Plan to Alter Ocean Chemistry Hits Rough Seas
...The firm launched its two-year "Voyage of Recovery" program in March, mustering its supplies and launching a public relations campaign in Washington, D.C., to promote its "green message of hope."
But in May, the EPA warned the firm it may need a permit under the U.S. Ocean Dumping Act if it uses its U.S.-registered vessel, the Weatherbird II.
Planktos CEO Russ George says U.S. regulations should apply only when a firm dumps levels of a substance that are one per cent or more above the level considered toxic.
His firm's plan would fall "roughly a billion times below regulatory limit," he said.
If the EPA stands in his way, he says he will use a flag-of-convenience ship."There are 42,000 large vessels on the ocean in world today. We have shipping agents in Central America working for us lining up vessels that might be able to assist."
...In particular, the U.S. cites the possibility that the project would lead to toxic algae blooms, and that the decomposing plankton masses would release other greenhouse gases or choke off the oxygen supply in the deep ocean.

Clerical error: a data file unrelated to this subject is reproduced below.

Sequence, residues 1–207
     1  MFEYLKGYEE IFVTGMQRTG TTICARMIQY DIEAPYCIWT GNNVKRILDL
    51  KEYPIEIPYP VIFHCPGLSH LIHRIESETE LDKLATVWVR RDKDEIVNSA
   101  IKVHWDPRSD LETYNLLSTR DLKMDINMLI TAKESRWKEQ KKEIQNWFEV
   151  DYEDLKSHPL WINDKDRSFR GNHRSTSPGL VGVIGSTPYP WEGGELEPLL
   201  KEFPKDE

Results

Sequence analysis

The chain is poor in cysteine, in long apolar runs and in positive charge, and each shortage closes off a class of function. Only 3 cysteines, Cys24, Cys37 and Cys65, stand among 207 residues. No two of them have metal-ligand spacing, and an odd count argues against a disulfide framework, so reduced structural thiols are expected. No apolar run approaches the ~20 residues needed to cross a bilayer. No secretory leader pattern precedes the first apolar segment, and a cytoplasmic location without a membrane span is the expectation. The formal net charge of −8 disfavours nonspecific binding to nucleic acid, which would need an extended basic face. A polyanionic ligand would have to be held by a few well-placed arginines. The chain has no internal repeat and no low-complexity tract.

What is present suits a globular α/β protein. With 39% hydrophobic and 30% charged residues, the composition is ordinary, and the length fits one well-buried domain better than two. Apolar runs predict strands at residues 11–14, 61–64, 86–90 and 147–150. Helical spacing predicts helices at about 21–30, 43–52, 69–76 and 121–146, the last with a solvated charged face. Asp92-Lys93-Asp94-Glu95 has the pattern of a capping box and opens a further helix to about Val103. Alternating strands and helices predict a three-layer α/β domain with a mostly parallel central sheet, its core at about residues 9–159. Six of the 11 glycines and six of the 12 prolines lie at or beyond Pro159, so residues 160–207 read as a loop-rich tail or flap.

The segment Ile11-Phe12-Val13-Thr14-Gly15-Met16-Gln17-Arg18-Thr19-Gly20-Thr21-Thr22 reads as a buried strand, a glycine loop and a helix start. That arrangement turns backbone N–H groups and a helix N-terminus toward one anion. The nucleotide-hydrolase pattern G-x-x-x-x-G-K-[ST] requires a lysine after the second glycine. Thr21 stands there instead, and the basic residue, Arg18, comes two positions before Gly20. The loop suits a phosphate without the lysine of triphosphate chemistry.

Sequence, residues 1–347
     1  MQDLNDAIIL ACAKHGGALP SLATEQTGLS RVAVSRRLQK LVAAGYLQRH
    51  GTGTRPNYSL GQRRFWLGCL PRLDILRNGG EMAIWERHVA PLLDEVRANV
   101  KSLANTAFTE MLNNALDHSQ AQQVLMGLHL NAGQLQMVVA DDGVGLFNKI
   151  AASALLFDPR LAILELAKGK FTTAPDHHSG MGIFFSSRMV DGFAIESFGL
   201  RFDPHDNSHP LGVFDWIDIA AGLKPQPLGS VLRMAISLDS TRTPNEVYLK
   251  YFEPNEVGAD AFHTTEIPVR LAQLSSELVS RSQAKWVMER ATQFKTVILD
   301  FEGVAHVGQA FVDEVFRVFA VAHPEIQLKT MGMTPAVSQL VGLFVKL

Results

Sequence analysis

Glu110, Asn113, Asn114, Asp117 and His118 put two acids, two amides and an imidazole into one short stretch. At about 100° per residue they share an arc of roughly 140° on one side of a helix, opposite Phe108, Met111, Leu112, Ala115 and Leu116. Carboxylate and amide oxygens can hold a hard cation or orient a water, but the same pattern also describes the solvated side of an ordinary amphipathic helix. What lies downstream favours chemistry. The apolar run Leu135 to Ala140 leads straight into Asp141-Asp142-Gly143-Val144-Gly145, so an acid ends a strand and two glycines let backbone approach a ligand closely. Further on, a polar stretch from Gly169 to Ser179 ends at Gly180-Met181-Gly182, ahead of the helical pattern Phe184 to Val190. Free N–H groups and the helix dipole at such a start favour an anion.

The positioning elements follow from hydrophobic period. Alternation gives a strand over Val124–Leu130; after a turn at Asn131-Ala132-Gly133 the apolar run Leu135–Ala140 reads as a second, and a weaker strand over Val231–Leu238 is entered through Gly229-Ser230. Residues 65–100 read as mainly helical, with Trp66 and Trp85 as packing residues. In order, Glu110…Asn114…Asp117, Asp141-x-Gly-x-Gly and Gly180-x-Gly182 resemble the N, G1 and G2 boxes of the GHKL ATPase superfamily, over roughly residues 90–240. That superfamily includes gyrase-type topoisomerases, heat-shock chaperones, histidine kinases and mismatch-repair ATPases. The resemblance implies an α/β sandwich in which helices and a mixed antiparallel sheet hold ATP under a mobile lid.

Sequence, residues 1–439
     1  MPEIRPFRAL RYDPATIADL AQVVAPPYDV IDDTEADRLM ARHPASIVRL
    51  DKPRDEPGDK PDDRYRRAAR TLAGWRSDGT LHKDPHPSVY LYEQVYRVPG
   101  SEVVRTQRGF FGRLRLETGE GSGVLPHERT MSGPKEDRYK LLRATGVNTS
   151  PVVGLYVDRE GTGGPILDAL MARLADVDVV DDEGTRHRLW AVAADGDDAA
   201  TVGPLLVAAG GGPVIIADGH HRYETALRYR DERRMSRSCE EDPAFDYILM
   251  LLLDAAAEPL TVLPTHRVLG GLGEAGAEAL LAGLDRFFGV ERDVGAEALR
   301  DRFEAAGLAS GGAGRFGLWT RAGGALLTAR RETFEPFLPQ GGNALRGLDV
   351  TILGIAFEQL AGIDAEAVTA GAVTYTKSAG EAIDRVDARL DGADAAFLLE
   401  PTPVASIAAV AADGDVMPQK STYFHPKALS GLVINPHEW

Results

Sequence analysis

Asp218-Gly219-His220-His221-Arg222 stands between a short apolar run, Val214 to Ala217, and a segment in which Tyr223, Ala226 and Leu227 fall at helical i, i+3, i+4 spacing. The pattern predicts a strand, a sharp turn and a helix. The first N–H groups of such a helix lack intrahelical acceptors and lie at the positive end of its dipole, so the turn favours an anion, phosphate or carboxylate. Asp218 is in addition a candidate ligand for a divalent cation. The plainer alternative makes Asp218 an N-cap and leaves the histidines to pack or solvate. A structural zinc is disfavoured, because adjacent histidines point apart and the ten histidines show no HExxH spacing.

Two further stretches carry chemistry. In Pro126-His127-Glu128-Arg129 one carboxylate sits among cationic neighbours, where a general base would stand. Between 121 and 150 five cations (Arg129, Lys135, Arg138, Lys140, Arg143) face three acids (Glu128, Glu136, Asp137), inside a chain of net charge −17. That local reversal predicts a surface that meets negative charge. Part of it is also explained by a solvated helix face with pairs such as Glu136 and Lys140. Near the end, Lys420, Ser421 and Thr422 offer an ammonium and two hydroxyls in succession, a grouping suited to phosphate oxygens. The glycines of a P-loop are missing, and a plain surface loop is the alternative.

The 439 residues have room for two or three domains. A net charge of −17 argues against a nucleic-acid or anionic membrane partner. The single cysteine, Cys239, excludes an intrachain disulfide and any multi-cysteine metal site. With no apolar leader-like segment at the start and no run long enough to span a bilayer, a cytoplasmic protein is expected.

Nonsense, says Mr. George.
"The world has spent the last 20 years and more than $100-million" developing the science behind the plan, he says.
"These questions have all been addressed," he says, blaming the EPA's reservations on "fearmongering" by environmental groups, such as the Ottawa-based ETC Group, which discovered the U.S. government document this week.
He adds that the plan would not only draw carbon dioxide out of the atmosphere, but by restoring dwindling plankton levels, it would help reverse the ongoing acidification of the ocean - a climate-change-related process that is killing the planet's coral reefs.
That claim is disputed by Chris Field of the Carnegie Institution's Department of Global Ecology, who says that the absorption of increasing amounts of carbon dioxide is the main cause of ocean acidification in the first place.